Lawson raises his concern over witchcraft attack in a minster’s house attributing the death of his wife and daughter to mysterious powers (“Satan’s War” 83). During Lawson’s sermon two other females encounter fits: Mary Walcott and Abigael Williams (“Satan’s War” 84). Martha Cory is also jailed for being a witch and Mercy Lewis confirms that she had witnessed some satanic masses near the vicarage (“Satan’s War” 85). Rebecca Nurse a member of the congregation is also accused of witchcraft (“Satan’s War” 86).
Women are viewed to be a weaker sex as this is confirmed by rumors that Reverend George Burroughs abused his wife. Ray also reveals that Tituba is beaten by her boss during her confession to involvement in witchcraft. She is also forced to admit several accusations some of which she does not know but since she is afraid of the wrath, she admits them. She is forced by the magistrates to admit having signed the devil’s book which she does and also describes what the devil looks like (“Salem Witch Mania” 48). Tituba is forced to tell the magistrates what they would want to hear because she fears for her life. She is interrogated five times more than other accused persons. (“Salem Witch Mania” 48).
In church men held high positions of leadership compared to women. The church leadership even before Parris’ leadership was of males only. The next bishop who took over after Parris is also said to be male. Joseph Green is carefully selected as Parris’ new successor and is warmly welcomed by the villagers. New members come to the church and his service is characterized by the baptism of many children (“Satan’s War” 94).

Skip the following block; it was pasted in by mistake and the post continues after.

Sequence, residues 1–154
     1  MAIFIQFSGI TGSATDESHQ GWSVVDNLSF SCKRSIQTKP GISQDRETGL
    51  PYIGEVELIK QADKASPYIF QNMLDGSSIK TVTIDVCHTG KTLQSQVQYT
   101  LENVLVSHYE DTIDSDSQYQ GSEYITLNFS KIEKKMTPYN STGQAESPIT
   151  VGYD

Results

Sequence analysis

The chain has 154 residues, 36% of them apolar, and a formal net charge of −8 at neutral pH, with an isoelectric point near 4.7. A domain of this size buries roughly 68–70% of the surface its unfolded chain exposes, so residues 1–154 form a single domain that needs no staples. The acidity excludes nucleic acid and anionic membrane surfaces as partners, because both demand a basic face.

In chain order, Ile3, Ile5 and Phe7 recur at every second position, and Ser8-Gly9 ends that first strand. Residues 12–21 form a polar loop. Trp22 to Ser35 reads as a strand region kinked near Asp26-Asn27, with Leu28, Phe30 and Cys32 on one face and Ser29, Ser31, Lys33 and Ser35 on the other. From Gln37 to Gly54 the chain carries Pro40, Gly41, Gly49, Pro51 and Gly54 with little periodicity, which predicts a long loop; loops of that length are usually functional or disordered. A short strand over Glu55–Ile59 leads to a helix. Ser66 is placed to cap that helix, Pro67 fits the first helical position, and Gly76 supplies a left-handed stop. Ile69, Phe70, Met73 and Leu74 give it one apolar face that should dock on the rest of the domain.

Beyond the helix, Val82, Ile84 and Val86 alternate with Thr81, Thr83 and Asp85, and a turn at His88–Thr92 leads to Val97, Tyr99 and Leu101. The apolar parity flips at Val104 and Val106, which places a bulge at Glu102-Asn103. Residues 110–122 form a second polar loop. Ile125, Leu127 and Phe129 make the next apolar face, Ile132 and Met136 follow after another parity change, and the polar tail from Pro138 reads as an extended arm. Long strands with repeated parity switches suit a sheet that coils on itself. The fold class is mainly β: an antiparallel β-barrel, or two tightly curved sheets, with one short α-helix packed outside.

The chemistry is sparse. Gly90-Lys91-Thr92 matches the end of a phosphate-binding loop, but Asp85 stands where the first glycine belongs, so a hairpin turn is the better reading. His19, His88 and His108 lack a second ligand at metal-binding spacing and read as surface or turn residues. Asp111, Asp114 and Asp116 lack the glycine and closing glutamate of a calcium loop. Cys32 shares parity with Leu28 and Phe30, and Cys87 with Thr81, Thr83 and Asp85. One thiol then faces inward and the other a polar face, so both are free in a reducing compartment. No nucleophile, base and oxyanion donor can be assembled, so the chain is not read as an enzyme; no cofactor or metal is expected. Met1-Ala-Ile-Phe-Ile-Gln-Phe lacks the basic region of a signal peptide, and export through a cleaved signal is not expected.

In Salem Village, for one to be recruited as a full member of the church, their children had to be baptized, receive Holy Communion among other requirements. Confessions were also made requiring men to deliver theirs before the whole congregation whereas women would write down their professions of faith and to consult privately with the minister (Satan’s War 76).
The religious norms of the peoples revealed their existence of God and Satan. During the sermons, Parris constantly mentioned Satan’s attack on the church and the people of Salem. Ray says that this was not uncommon for the Puritan belief. (“Satan’s War” 76). The people of Salem were also not tied to attending a specific church. Everyone had the freedom of choice of religion thus the reason why those attending church were fewer than church members. Some of Parris’ church members had even started failing to attend church service. (“Satan’s War” 78).
In 17th century America the people of Salem believed in mystical powers and the presence of witches. When accusations of witchcraft erupt, the people of are convinced of this as more accusers turn up to accuse several other people of their engagement in witchcraft. In court the accused are given an avenue to demonstrate their fits as evidence against the accused. Some accusers even raise instances of the accused appearing to them in spectral form to force them to sign the devils book (“Salem Witch Mania” 51).
In conclusion it is evident that the religious inclination of Reverend Parris to the leadership of Salem was responsible for the trials. The church appointed the three judge bench to execute those found guilty. It is for this reason that the judges had a high inclination to the church thus the result of several people falling victims to these trials. The strong belief in religion, the existence of God and Satan, as well as reliance on spectral evidence are also to blame since many critics would give testimonies based on such; though these were not substantial.
Ray, C. Benjamin. “The Salem Witch Mania: Recent Scholarship and American History Textbooks”. Journal of Islamic Studies 78.1 (2010): 40-64. Print.
Ray, C. Benjamin. “Satan’s War against the Covenant in Salem Village 1692” New England Quarterly 80.1 (2007): 69-95. Print.